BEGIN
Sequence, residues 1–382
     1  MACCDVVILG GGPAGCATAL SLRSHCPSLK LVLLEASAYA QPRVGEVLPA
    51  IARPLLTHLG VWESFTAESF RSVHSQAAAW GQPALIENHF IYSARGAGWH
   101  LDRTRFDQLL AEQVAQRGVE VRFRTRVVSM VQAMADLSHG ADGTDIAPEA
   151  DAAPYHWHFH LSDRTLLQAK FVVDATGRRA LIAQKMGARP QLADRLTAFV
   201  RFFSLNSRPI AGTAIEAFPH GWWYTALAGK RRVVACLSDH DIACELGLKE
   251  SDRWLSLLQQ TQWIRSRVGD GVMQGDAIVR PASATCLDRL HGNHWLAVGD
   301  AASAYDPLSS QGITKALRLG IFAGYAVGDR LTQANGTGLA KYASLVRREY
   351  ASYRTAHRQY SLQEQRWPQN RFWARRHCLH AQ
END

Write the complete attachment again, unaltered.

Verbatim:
Sequence, residues 1–382
     1  MACCDVVILG GGPAGCATAL SLRSHCPSLK LVLLEASAYA QPRVGEVLPA
    51  IARPLLTHLG VWESFTAESF RSVHSQAAAW GQPALIENHF IYSARGAGWH
   101  LDRTRFDQLL AEQVAQRGVE VRFRTRVVSM VQAMADLSHG ADGTDIAPEA
   151  DAAPYHWHFH LSDRTLLQAK FVVDATGRRA LIAQKMGARP QLADRLTAFV
   201  RFFSLNSRPI AGTAIEAFPH GWWYTALAGK RRVVACLSDH DIACELGLKE
   251  SDRWLSLLQQ TQWIRSRVGD GVMQGDAIVR PASATCLDRL HGNHWLAVGD
   301  AASAYDPLSS QGITKALRLG IFAGYAVGDR LTQANGTGLA KYASLVRREY
   351  ASYRTAHRQY SLQEQRWPQN RFWARRHCLH AQ